Takiko Okuda is a strong-willed girl living in the Taisho Era. She needs to be strong -- Oosugi, the one man she's ever loved, is a married man; her mother is terminally ill; and her father, Einosuke, has not been home in over a year. When at last Einosuke returns, it's with a notebook full of Chinese scribblings that seem more important to him than the death of his wife. Furious, Takiko steals away his completed translation -- "The Universe of the Four Gods" -- with the intention of tearing it to shreds, but the instant she opens it, she's surrounded by light... And it is said that this is how the legend of the Priestess of Genbu began.
Volume 6: Ayashi no Ceres Gaiden
I do admit that this got my attention bec. Fushigi Yuugi has been my favorite anime of all time. Upon reading the manga, Fushigi Yuugi: Genbu Kaiden, i thought it would be the same plot as the story of the Suzaku Group. But sensei Yuu Watase is a very good mangaka indeed. It has different plot and a lot more dramatic than the other. Though, rest assured that you will definitely enjoy this one too! I mean to say that you will keep on thinking what will happen next, why did that happen, and so forth. I got teary eyed as the story reaches it's
climax ;( especially the final chapter.
Outstanding for the Art! I couldn't argue about that. I read from several of mangaka's interview that she was trying to make a difference from the first one and that was a good idea for me. To make a "whole new experience"-y feel.
Definitely a great character progression. Seemingly childish and selfish at first but dramatically changes to a mature and rational being for each one of them.
As Ive said earlier, Ive enjoyed it to the point that I couldn't stop reading until I reach the final chapter. :)
Once again, Yuu Watase made a masterpiece when it comes to manga. You can feel that it is not only a hobby for her but she also devoted herself into it. So do i need to say more? Nothing but OUTSTANDING!
Water of life, swell with wind and let them walk the earth once more. It matters not where or when. Let it be that this time they should meet and never again be separated. And this... was the first story told of the Priestess of Genbu. - FY:GK Final Volume [Yuu Watase]
After a long decade of grueling and impatient wait, Yuu Watase has finally concluded Genbu's arc of Fushigi Yugi, her life's work. As much as I love the classic original Fushigi Yugi, this prequel proved as a worthy stand alone series that far exceeded in storytelling, art and overall theme compared to its predecessor,
Suzaku/Seiryu arc. However to compare both series is unjust as both has its appeal. While becoming familiar with the original is not required to fully appreciate Genbu Kaiden. Although a few references in the series would be reminiscing of the original thus gives it more a sense of familiarity. Of course, the inevitable faith of the Priestess of Genbu has been predetermined in the original.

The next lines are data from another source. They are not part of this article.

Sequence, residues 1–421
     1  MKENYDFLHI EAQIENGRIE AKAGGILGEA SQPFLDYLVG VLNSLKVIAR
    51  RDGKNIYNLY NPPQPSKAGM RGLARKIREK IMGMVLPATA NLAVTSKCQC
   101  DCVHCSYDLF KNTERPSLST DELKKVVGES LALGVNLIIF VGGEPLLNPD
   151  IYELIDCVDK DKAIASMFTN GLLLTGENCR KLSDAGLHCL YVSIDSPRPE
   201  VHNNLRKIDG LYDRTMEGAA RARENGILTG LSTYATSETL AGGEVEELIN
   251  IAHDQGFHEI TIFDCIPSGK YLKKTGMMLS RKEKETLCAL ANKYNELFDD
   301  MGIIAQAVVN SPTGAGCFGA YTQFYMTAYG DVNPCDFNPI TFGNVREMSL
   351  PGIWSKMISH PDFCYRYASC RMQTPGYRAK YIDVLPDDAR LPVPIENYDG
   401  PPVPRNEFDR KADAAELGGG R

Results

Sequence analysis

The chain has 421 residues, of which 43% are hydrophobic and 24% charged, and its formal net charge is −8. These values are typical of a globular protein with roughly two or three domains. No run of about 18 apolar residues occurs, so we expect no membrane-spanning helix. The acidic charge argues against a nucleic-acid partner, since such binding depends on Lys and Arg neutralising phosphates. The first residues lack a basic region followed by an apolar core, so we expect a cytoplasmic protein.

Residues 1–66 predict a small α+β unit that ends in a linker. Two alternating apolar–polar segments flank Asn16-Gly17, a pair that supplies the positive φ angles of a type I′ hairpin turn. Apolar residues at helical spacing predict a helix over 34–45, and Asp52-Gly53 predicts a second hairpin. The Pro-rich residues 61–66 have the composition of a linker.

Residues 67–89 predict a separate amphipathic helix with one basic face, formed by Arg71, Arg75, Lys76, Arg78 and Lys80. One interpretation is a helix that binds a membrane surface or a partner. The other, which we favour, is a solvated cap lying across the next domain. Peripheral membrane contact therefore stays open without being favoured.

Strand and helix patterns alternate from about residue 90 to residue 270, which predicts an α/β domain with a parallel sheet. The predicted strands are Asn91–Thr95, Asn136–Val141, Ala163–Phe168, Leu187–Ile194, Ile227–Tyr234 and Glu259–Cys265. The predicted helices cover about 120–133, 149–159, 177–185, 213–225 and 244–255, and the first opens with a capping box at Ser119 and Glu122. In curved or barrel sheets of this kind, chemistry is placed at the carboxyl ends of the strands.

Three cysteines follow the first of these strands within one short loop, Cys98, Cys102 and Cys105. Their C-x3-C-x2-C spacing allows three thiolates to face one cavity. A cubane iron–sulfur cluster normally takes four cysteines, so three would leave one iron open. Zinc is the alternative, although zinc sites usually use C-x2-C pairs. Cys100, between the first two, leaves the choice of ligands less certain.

Genbu Kaiden is like a piece of poetry, poignantly written about how precious life is. The different bond of relationship the characters shared; through happiness, romance, forgiveness, sacrifices and even death and how to continue to live on with life when tragedy strikes. All these theme were incorporated and effortlessly delivered by Watase with such ease and grace.
Contrast to the original Fushigi Yugi which was sappy melodramatic, light hearted and guilty of vexing romance. Genbu Kaiden's sophisticated plot and theme was a refreshing change. Watase's plethora of anecdotes shojo lines and often whiny/weak heroine was almost nonexistent. Rather we have Takiko whose not only an eye catcher but also has brain, guts and will to achieve what she set out to do. Takiko was not the typical damsel in distress. A bit too perfect for a heroine, not really as her existence and fate was also her flaw. The romance between Takiko and her love interest, Uruki was more favorable. The subtle and slow progression of romance was delicately executed without becoming too trite or redundant for the readers. I was sold on the love between the two.
Genbu Kaiden's strong point was the message it tried to convey to its readers. As I mentioned, the obvious theme it had was death, sacrifices and forgiveness. Most of the celestial warriors didn't have it as easy living as the chosen protectors since they symbolizes desctruction. Watase tried to give each warrior a tragic story with heartwarming resolution. Watase explored and exploited brotherhood relation, to master/servant faithful bond and even down to inanimate connection.
Ultimately, what elevated this series amidst its predetermined ending (as I've read the original) was the bittersweet fate of Takiko. Each character that has perished in the process of Takiko's quest to gather the seven warriors has made an impact and had meaningful purpose. Despite of countless death and the tragic destiny of Takiko, I felt that Watase has created a brilliant elegy commemorating and celebrating life.
More than twice I've shed tears because of this series. Especially on the last couple of pages. Not because it ended tragic, but because of how powerful, moving and meaningful it was. Takiko singing while Uruki embracing her at the end was too poignant.